In short, I had become the person I despised, without even realising it.

My wakeup call came in the form of the Aljazeera Youtube channel on 10 February. Watching Mubarak’s speech, and watching the energy in Tahrir Square, something in me snapped and I realised that maybe we could do it too.  Sure, we had a few teething problems to address — like perhaps having a single united movement with the same aim in mind, but yeah, teething problems — but it wasn’t impossible. It could be in a few months, or a few years, or even a few decades, but there was hope at the end of the tunnel, and maybe at that time it’ll be our turn to scream and cheer in our very own Liberation Square as we finally realise that the country does, indeed, belong to the people.  And I realised, it will kill me if I wasn’t a part of that.

There is a line from Yasmin Ahmad’s Gubra that I’ll always remember: “Sometimes, it’s like loving someone who doesn’t love you back,” Orked says of Malaysia. And it’s true, sometimes it feels like we’re all alone, fighting and struggling for something that doesn’t even want to be fought for. Most of the time, there are a lot of easier options, like for me to just stay on in the UK and be perfectly content here. But I guess it’s like a long distance relationship, where you need to keep putting in the effort, and you need to keep trying, and at the end of the day you need to go back to the person you love.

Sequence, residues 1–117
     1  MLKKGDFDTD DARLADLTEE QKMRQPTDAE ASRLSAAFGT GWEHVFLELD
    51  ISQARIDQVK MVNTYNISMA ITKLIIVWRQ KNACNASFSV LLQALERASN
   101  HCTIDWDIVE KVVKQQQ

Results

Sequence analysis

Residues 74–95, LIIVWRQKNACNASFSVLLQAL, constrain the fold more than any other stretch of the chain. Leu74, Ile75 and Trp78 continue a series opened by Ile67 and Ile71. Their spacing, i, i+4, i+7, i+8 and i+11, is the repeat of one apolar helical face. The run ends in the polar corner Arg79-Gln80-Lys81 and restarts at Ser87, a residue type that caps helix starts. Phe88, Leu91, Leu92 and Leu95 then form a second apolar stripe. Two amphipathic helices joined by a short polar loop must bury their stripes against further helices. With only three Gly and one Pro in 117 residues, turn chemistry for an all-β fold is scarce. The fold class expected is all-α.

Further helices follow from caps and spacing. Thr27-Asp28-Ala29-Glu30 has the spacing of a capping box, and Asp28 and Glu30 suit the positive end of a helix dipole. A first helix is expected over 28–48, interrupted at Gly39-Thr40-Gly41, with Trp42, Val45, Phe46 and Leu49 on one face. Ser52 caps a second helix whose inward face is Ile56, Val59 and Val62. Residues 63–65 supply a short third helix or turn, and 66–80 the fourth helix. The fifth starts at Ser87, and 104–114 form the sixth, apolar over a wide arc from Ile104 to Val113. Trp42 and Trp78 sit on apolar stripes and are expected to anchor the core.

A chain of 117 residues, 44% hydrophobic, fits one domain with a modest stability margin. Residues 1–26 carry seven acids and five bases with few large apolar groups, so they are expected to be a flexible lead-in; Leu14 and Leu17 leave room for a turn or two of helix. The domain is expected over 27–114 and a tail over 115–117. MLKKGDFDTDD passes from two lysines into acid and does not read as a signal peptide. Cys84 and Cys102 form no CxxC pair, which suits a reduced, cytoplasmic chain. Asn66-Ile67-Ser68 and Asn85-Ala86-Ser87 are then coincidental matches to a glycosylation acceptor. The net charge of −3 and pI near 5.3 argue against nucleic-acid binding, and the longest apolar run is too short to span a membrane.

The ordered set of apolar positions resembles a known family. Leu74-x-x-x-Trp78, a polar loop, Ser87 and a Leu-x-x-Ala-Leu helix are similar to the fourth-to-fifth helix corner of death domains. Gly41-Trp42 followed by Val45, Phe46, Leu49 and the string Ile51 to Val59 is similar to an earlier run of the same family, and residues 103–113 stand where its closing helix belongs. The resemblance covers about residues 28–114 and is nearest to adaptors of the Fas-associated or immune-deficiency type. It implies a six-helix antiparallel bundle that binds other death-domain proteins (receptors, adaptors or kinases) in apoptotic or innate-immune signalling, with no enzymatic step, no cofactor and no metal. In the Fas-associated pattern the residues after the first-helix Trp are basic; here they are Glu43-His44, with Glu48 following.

We have a long, long road ahead of us. There won’t be any change (much less a full-fledged revolution) in Malaysia until we get our act together, until the people can come together and decide what it is that they want. We need to wipe out apathy amongst the youths, and educate and entire country about their rights and their choices. But amidst the darkness some people have lit their candles and they shine brighter than ever — the recent solidarity movement amongst students, the outpouring of protests against the PPPA and the building of the mega-tower, the fight of the indigenous people.

What these tell us is that we need to be patient and keep fighting the good fight and don’t ever give up.

What it tells me is that I need to regain my passion and hope and idealism, and get my ass back home (and overpriced cocktails in moderation).

Alea is a final year law student in the University of Nottingham, and is in denial that she is, well, becoming a lawyer. She thrives on sunshine and good food, and thinks that the world would be a better place if we all lived life according to a Beatles song.

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Alea Nasihin is a recent law graduate just about to step out into the big, bad corporate world. She loves people, and gets through life with the help of a lot of sunshine, good reads, teh-o ais limau and interesting conversations.

Posted on 23 February 2011. You can follow any responses to this entry through the RSS 2.0.